By Christos Meliopoulos – Nicosia
The banking crisis in Cyprus has been having a knock-on effect on shipping companies operating from the island, the majority of them being ship management firms.
IBNA understands that there have already been problems with companies not being able to pay staff or cover ongoing business commitments due to the freezing of their accounts. In some cases contingency funding arrives from abroad, since the majority of such firms in Cyprus are representing foreign interests. Nevertheless, the situation is not encouraging, threatening to permanently unsettle another one of the island’s economic activity pillars.
However, economists and shipping professionals see the sector as a possible engine for growth in the future. The president of the Cyprus Union of Shipowners George Mouskas noted that the country is already cheaper than all its competitors in terms of registration and tonnage tax system, which by the way is the only system approved by the EU.
Attracting shipowners to the Cypriot flag, thus bringing in more income, is one of the policies under consideration at the government’s economic and business headquarters, according to one insider. Others though believe that shipping is an activity that has been considered as a given for too long now, without a proper plan to fully exploit its potential.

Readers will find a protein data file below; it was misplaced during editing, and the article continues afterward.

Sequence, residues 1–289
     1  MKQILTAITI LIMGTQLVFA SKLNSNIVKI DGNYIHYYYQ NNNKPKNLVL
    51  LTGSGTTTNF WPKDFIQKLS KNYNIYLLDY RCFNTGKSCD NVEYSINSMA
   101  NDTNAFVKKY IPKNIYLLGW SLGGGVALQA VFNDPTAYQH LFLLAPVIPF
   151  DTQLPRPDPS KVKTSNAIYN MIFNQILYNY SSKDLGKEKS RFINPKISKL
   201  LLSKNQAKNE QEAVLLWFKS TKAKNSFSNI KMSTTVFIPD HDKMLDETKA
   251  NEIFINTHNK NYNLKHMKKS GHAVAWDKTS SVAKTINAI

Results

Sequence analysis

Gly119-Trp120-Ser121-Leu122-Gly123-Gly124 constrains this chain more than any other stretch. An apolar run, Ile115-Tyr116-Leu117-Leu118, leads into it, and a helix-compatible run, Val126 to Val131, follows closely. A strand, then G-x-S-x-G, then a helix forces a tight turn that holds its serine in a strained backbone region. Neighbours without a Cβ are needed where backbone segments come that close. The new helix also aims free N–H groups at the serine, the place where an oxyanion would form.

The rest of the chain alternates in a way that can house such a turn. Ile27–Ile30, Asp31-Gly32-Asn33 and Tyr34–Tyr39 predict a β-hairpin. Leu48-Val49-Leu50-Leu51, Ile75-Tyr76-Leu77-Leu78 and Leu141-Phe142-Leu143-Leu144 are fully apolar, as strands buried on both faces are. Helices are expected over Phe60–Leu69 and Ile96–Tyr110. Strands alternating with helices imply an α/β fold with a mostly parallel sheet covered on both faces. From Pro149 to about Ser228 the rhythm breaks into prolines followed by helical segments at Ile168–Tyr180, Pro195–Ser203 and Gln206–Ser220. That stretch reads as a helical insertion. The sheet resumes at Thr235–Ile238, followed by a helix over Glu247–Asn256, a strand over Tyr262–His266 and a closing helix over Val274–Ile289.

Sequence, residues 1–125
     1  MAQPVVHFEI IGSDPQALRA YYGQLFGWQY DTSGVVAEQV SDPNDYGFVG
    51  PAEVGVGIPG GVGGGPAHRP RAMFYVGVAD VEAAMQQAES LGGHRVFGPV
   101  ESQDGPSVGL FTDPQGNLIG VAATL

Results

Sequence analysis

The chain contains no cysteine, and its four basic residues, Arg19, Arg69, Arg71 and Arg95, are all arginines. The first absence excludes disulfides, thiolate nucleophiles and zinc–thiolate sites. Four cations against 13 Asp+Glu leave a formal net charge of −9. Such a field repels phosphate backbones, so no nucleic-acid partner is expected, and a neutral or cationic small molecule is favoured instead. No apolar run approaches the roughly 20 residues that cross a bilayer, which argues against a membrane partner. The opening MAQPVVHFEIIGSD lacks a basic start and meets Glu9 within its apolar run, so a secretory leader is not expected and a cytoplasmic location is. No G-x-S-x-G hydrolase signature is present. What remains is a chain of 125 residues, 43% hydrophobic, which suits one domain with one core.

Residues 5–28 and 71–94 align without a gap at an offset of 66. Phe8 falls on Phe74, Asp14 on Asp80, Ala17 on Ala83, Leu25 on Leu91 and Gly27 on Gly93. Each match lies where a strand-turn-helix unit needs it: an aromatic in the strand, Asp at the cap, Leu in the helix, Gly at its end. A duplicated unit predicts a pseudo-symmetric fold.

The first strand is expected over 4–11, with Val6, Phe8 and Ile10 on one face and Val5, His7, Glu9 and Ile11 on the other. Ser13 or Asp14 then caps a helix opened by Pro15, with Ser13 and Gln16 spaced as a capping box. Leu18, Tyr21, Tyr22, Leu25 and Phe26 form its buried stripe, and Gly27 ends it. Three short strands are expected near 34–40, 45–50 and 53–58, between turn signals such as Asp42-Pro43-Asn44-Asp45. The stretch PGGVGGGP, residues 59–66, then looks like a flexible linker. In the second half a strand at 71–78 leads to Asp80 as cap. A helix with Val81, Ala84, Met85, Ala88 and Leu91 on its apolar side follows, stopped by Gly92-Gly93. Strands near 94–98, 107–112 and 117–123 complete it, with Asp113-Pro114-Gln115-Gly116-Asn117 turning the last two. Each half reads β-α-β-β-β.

They point to the fact that both Greece and Cyprus have been overtaken by Malta in the number of vessels registered carrying its national maritime flag. “Inexplicable, really. Malta is not cheaper than us and has only recently applied to the EU for approval of its tonnage tax system,” said a Cypriot shipowner.
For the island’s shipping community the bet seems to be how to lure the great economic and reputational force that is the Greek shipowners. Something like 3,550 Greek-owned vessels are under a foreign register, yet only a few fly the Cypriot flag. Shipping professionals have told IBNA that the government seems willing to lower the already very low tonnage taxes in a bid to become even more competitive.
At the same time though the uncertainty over the banks and the accounts mobility is a suspending factor in any attempt, confirming the fears of those who said that destroying the banks of Cyprus would throw the whole economy ship in uncharted waters.